- David Schoenfield, SweetSpot blogger
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So, all of this happened on Tuesday in two games in the American League, where all that’s at stake is a playoff spot, one team trying to avoid a colossal collapse, the other team trying to prove that small-market franchises can slay the wealthy dragon, maybe an MVP award, and the pain and suffering of an entire Nation:
A triple play. It may end up as the most important triple play in major league history.
A rookie catcher, in the biggest game of the season, making his first career start behind the plate in the majors.
That catcher -- Boston's Ryan Lavarnway, only the third Yale player drafted since 1965 to reach the big leagues -- throwing out a baserunner trying to steal third base and then hitting a three-run home run, the first of his career. And then hitting his second career home run.
An intentional walk … to bring Alex Rodriguez to the plate.
The Red Sox hitting a guy cleanup who has never started in the cleanup position before.
Jacoby Ellsbury showing why he may be the AL’s Most Valuable Player with another clutch home run.
Matt Joyce, Matt Joyce, Matt Joyce. You made Tampa Bay fans very happy.
All that plus a thousand other little pieces of joy.
Where do you start? You start with the triple play, of course. But turn back the clock to the previous at-bat. With runners at second and third and the game tied 2-2, Swisher lofted a high fly to left-center. Teixeira, thinking the ball may be caught, looked to tag up from second, so when the ball instead bounced off the fence, he was unable to score. As they say, it’s the little things. (How often do guys try to tag up on a play like that, anyway? Not often, it seems.) Jorge Posada was intentionally walked to load the bases.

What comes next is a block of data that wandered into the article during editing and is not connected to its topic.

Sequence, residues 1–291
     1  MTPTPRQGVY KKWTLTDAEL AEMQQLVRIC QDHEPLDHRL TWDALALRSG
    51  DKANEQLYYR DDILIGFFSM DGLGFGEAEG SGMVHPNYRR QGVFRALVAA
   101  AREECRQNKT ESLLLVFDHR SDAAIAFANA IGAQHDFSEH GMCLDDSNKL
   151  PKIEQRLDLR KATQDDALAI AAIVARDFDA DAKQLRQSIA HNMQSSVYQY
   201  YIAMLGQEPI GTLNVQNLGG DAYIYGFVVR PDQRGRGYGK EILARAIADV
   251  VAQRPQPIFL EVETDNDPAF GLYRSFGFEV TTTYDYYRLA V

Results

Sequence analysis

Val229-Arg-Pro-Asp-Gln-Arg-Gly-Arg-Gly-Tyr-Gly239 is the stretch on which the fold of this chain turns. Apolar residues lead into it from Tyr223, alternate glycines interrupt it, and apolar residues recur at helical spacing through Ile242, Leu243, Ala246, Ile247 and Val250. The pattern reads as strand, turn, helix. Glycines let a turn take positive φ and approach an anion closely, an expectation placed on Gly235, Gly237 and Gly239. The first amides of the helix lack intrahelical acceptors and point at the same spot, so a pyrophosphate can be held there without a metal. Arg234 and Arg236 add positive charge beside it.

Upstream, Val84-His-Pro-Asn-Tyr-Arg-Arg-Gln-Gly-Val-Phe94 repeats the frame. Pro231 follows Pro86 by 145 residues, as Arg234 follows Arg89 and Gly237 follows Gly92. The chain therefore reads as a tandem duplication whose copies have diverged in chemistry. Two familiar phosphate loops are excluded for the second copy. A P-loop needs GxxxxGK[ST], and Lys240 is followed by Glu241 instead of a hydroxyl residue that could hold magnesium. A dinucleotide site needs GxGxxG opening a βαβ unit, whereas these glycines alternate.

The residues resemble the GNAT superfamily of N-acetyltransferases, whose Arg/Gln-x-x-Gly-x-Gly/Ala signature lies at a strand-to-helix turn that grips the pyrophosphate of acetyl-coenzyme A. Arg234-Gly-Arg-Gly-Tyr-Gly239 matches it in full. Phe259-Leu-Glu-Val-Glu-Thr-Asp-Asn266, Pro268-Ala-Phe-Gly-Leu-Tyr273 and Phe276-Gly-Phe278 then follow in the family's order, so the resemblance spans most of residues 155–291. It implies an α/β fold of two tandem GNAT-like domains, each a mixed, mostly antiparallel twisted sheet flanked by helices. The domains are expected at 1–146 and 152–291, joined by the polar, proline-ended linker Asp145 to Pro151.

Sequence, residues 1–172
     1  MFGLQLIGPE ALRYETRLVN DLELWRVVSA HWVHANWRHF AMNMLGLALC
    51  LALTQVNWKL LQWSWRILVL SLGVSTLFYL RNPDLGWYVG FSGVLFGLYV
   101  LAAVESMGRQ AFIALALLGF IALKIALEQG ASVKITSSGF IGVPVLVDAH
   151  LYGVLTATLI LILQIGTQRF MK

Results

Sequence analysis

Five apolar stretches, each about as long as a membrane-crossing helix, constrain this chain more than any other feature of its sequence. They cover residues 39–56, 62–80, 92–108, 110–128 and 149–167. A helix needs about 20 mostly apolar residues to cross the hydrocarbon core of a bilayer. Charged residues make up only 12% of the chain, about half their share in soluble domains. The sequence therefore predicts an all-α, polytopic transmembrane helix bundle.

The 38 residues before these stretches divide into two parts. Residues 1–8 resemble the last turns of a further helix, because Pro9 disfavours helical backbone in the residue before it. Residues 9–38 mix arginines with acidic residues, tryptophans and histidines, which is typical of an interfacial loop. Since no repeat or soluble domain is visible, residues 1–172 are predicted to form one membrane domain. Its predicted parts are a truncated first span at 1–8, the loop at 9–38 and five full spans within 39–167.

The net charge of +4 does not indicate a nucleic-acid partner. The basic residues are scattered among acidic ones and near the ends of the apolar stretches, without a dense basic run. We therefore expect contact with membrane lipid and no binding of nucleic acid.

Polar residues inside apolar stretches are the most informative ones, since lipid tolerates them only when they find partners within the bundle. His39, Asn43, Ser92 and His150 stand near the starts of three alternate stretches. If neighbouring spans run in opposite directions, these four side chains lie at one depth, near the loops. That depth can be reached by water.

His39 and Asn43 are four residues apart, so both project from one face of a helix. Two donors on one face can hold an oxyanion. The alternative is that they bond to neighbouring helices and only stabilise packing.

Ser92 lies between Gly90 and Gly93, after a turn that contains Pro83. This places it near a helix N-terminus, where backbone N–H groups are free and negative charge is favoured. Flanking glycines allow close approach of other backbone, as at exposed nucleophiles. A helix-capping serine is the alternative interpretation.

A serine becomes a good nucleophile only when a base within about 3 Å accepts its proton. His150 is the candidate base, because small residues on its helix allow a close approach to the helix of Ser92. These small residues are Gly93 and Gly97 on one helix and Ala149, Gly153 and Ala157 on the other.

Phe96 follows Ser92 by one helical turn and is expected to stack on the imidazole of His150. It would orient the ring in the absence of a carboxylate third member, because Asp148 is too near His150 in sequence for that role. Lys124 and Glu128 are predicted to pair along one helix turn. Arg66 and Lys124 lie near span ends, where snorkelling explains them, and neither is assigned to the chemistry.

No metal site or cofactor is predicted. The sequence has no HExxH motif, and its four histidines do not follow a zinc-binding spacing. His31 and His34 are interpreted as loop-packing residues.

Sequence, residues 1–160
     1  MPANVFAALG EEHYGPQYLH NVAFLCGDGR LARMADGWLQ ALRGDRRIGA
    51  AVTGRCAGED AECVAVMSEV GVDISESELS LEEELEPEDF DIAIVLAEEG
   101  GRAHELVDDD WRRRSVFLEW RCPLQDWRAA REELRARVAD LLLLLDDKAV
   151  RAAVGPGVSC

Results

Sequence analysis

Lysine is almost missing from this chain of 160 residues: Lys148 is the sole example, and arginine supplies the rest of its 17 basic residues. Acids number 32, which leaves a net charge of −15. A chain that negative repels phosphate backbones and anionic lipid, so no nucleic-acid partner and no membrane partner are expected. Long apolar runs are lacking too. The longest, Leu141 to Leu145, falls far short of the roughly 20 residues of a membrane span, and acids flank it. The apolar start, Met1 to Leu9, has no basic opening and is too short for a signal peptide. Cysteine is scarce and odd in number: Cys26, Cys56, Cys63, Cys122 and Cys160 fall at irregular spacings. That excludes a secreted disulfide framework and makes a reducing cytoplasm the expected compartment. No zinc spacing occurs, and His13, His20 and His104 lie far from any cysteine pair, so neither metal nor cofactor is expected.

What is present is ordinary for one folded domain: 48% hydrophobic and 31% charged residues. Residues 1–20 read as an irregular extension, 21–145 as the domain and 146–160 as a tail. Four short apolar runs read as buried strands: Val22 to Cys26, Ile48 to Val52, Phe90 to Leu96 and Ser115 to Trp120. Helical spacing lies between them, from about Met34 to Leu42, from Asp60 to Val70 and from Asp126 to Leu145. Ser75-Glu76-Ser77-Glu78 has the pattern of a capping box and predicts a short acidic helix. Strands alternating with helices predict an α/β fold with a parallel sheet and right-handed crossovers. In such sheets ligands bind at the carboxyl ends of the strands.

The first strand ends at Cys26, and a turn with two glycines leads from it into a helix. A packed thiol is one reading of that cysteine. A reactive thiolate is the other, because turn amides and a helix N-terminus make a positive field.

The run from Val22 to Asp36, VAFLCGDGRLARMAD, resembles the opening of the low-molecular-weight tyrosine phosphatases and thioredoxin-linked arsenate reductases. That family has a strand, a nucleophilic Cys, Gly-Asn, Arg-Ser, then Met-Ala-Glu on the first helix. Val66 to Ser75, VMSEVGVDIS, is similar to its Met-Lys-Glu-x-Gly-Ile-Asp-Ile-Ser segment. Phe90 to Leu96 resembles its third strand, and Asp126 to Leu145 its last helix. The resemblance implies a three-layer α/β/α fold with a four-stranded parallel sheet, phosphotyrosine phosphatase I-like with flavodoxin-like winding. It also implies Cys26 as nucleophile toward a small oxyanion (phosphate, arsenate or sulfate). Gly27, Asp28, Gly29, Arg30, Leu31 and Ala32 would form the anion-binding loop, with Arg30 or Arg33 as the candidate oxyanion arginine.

And then came the play that Rays fans will put in their back pocket and pull out for decades to come if Tampa ends up making the postseason: Russell Martin up. Hard grounder to Evan Longoria. Step on the bag. Over to Ben Zobrist. Lightning quick on the turn. The throw to first baseman Sean Rodriguez beats Martin despite his head-first slide.
Longoria to Zobrist to Rodriguez, definitely the sweetest of words in Tampa Bay.
The game wasn’t over. Joyce provided the big hit, a three-run shot off the Yankees’ $10 million middle reliever, Rafael Soriano. Is there a better sound in sports than the buzz of a baseball crowd -- the low hum of fans talking and vendors selling -- suddenly turning into a gigantic roar when something good happens? Love that sound.
In Baltimore, the hero was a rookie catcher named Ryan Lavarnway. With Jarrod Saltalamacchia fighting a sore collarbone and Jason Varitek battling a sore knee, Terry Francona gave the kid his first start behind the plate. Lavarnway’s three-run homer in the fourth gave the Red Sox a 5-1 lead. He’d homer again in the eighth. Francona showed no fear. He also batted Jed Lowrie cleanup for the first time his career.
A triple play. A rookie from Yale. The biggest games of the season.
We’re down to No. 162. Forget everything that has happened over the previous 161. None of that matters now. It’s one game to stay alive, to create legacies or avoid one. David Price will start for Tampa. Jon Lester will start for Boston.
And I have absolutely no idea what will happen.
So, all of this happened on Tuesday in two games in the American League, where all that’s at stake is a playoff spot, one team trying to avoid a colossal collapse, the other team trying to prove that small-market franchises can slay the wealthy dragon, maybe an MVP award, and the pain and suffering of an entire Nation: A triple play.